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learned Lord, Lord Donaldson of Lymington, pointed out when this matter was first raised in Committee, the effect of a disqualified person sitting as a member of the Bench would not be that the decision was automatically invalid but only that it was voidable if it was challenged. As regards a party in whose favour the decision was given, or an interlocutory decision on some procedural matter which no one wants to start all over again, the decision would be left to stand. In those circumstances I am disappointed that the Government have not taken this point on board.

Having said that, I recognise that this is not by any means the most important change that was made to the Bill during its passage through the two Houses. It is therefore not one that I should wish to take any further or on which I seek to take the opinion of the House.

4.15 p.m.

Lord Avebury: My Lords, I intervene briefly in order to thank the noble and learned Lord the former Lord Chancellor, to whom I wrote about a friend of mine who had been all the way through the procedures for becoming a magistrate and was on the point of being appointed when it was realised that the Act of Settlement debarred citizens of the European Union from being appointed magistrates. The noble and learned Lord considered sympathetically the case that I put to him on behalf of my friend. Ultimately she became a magistrate. The noble and learned Lord may be pleased to hear that she now adjudicates on cases having lived in this country for 26 years. My only surprise is that, given that the Act of Settlement has been on the statute book for some 200 years, it was discovered only very belatedly that it debarred citizens of the European Union from being appointed magistrates. I am very glad that my friend, and I believe 20 or 30 others in a similar position, have now been through all the hoops and are now helping to ensure that justice is done in our courts.

Lord Filkin: My Lords, I thank the noble Lord, Lord Avebury, and compliment him, not for the first time, on his advocacy and vigilance in championing individual rights. I am glad that on this occasion at least we were able to satisfy him. I also thank the noble Lord, Lord Goodhart, for accepting with good grace that we do not on this occasion agree with him exactly as regards the relevant measure. The issue was well tilled in Committee and subsequently.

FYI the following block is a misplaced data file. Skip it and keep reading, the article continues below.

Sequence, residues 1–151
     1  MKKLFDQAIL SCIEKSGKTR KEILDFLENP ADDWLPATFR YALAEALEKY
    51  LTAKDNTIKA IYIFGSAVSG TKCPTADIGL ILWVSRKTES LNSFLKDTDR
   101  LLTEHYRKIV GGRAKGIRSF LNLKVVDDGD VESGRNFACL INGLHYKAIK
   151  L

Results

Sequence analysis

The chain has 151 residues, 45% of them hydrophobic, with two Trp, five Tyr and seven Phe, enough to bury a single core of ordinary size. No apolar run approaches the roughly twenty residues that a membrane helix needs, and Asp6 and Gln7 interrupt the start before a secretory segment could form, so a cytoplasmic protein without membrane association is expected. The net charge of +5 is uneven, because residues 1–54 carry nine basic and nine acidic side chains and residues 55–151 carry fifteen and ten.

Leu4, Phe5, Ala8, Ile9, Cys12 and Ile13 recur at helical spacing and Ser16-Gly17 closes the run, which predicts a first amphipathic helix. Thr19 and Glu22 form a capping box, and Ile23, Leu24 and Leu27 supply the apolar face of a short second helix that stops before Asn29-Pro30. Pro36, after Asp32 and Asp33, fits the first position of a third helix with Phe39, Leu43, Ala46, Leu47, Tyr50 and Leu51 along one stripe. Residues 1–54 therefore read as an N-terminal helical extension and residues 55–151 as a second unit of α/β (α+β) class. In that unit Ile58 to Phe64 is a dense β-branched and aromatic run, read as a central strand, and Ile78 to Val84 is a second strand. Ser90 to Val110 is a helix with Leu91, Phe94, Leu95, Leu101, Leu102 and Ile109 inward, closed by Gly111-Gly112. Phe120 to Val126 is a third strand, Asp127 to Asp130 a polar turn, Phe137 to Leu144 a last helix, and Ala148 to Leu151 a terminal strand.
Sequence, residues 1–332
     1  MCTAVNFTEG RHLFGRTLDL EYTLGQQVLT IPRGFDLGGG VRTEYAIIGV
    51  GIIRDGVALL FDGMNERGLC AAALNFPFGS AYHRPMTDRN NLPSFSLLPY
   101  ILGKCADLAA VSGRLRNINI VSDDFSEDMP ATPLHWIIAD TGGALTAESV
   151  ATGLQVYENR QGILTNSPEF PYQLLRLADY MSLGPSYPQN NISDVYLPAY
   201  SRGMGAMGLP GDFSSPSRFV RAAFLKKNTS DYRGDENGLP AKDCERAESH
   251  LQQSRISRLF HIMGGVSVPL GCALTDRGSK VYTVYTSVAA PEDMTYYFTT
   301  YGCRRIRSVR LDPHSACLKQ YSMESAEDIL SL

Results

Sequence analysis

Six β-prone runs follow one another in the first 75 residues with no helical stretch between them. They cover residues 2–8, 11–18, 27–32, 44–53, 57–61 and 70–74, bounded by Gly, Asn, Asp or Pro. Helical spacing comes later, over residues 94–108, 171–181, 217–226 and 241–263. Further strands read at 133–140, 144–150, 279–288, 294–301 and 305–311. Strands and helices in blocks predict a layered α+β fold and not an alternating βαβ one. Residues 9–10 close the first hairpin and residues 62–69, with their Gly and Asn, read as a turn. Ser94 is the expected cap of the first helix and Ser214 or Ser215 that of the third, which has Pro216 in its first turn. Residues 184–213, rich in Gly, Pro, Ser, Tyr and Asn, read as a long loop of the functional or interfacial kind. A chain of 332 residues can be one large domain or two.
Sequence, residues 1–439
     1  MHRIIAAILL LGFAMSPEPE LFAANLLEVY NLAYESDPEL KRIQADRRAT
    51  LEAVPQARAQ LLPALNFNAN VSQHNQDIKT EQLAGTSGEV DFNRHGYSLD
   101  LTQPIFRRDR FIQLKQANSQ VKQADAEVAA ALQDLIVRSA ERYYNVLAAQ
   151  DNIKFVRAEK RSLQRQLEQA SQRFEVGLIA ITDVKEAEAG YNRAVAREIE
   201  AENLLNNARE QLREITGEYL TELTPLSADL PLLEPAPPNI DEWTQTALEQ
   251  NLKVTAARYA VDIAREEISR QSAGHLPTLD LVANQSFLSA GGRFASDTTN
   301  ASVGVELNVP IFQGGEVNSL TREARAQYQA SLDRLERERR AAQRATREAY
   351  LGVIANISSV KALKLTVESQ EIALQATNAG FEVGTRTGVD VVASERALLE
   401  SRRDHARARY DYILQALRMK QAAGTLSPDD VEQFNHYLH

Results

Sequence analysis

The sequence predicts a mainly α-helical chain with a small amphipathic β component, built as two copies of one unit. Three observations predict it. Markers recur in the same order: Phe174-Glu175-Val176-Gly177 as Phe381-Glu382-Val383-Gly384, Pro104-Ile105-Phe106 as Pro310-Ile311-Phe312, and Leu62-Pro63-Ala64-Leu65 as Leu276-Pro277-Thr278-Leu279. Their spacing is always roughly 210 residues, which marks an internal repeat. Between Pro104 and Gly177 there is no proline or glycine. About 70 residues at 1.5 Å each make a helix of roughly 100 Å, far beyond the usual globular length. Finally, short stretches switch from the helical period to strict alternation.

The noble Lord, Lord Renton, as ever, is absolutely right to say that Clause 41 makes it clear that local authority members sitting on a magistrates' Bench should not take part in a case which involves a local authority. However, our amendment addresses certain very narrow circumstances. Although in very many cases such a decision would be automatically struck down, there are occasions where no offence to justice arises. I referred to a procedural matter in that regard. We seek not to abandon procedural common sense in pursuit of the greater remedy of not allowing local authority members to take part in substantive hearings where they might be considered to have found in

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favour of a local authority. There would then be a real appearance of bias, even if there had not been bias. I am at risk of repeating what I said earlier, but I hope that that clarifies the situation.

On Question, Motion agreed to.